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A few weeks ago the unit next to mine had the natural gas line to their meter break and it filled my house with gas (the meters for all units are attached to the side of my house). The neighbors got it fixed and I bought myself a handheld Klein Combustible Gas Leak Detector (ET120) so I can more easily check these things in the future.

Over the past week I've been occasionally noticing small whiffs of natural gas when I come home (but not every time). I measured the gas in my home today with the device above and got 2 bars in High Sensitivity mode. Checking by my furnace in the basement gives me 1 bar and the meters outside give 0 bars. Is this something worth calling the gas company over? Or am I just being paranoid.

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    you should be asking the gas company
    – jsotola
    Feb 9, 2023 at 7:43
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    I'm reasonably sure the normal level is none. Except for just before you ignite the stove. Feb 9, 2023 at 8:55
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    The only way to answer this question is to read all about "high sensitivity mode" in the widget you bought. Eg after you light a range top there will be a tiny amount of gas in the immediate area. Once that disperses can it still be detected? Sure. Perhaps that mode is to detect very small leaks in pipe joints and not intended to detect safe levels in normal operation? Or not. RTFM :)
    – jay613
    Feb 9, 2023 at 10:38
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    pubs.acs.org/doi/10.1021/acs.est.8b05323 may provide some insight regarding typical and some atypical levels
    – Ecnerwal
    Feb 9, 2023 at 15:08

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Over the past week I've been occasionally noticing small whiffs of natural gas when I come home

Assuming this means you smell it, CALL THE GAS COMPANY IMMEDIATELY. You should NEVER smell gas in your house (or outside for that matter).

The gas company should have an emergency 24/7 number to call. Get out of your building, call it, and wait outside for the gas company/emergency crew to arrive.

Even if it seems like a small leak, that can mask a situation that can quickly become an explosion-scale leak. Personal anecdote - decades ago we had a gas stove dis- and re-connected. The workers forgot to tighten the gas connection after re-connecting and so we occasionally smelled a bit of gas over the next few days. We finally called the gas company, they discovered the unsecured connection and informed us that if we had accidentally banged into the connection flex tubing, we would likely have had an immediate full-scale gas flow into the kitchen!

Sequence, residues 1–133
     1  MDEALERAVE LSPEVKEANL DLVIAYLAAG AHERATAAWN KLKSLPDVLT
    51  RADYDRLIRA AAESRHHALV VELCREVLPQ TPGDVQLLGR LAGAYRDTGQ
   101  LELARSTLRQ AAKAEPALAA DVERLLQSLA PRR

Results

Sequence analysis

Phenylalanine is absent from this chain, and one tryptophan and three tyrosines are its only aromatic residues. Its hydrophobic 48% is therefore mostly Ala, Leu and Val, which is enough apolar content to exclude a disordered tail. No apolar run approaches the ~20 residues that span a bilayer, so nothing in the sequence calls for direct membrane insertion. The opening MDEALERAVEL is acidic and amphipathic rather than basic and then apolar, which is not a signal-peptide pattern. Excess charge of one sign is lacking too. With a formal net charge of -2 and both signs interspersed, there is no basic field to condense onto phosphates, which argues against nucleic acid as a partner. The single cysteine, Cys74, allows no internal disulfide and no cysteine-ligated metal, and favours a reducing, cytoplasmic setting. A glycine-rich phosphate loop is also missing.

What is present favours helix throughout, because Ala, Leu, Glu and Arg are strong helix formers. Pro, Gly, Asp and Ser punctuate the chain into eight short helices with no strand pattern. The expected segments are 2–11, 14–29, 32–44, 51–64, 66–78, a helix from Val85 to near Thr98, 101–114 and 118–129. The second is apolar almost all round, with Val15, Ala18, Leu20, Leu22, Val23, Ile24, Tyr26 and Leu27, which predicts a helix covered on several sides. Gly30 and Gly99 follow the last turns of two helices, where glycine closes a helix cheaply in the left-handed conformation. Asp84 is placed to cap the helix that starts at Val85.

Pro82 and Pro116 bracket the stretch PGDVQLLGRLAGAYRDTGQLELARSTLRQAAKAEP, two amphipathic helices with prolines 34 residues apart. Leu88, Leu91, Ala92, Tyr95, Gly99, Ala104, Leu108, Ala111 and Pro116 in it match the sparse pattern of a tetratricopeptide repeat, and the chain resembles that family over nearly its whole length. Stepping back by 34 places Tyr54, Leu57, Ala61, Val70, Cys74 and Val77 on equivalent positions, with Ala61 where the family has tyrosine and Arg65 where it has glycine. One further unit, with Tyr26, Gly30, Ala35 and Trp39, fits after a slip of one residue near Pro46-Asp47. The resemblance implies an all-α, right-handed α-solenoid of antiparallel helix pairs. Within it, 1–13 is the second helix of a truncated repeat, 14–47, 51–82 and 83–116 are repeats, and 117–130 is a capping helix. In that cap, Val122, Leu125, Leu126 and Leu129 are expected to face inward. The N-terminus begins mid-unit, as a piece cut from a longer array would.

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I'm going to answer by giving your detector maker some benefit of the doubt, and hope your documentation confirms this.

Some things release gas into the room under normal operation. You want to detect if the amount of gas in the air is more than normal.

If you want to detect or find a tiny leak in a pipe or joint, that would be far less than what is"normal" above. In other words, every time you light the stove top you release (guessing) 100 times as much gas into the room as you would like to detect if you have a small leak. High sensitivity mode is probably for that and normal mode is to detect dangerous levels in a room where small levels are normal.

If I'm right then to detect small leaks you'll need to follow careful procedures that are hopefully in the manual. Roughly: Turn off all gas appliances, air out the room, then seal the room, then wait a little and poke around with high sensitivity.

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    Respectfully disagree - one should NEVER smell gas at home when not intentionally releasing it.
    – Armand
    Feb 9, 2023 at 21:36
  • @Armand but that is my point ... gas appliances release a small amount of gas when they start up. Intentionally. An over-sensitive detector will alarm constantly. But a detector that ignores these small amounts is useless for detecting small leaks.
    – jay613
    Feb 9, 2023 at 23:16
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    @Armand I disagree and agree. jay613 is right gas appliances will leak (ofc not on their own - only when you start them) a small amount until the spark will ignite the gas creating the flame. but OP says he/she smells it after coming home so if no one cooked in the meantime OP should never smell a gas after coming home.
    – servant0
    Feb 10, 2023 at 1:52
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If you can smell it it is already too much.

Since your home was flooded with gas, it can linger for a while in pockets, under the floors and so on.

A total ventilation could help here, thus open all doors and windows for a while.

If it comes back call the gas company.

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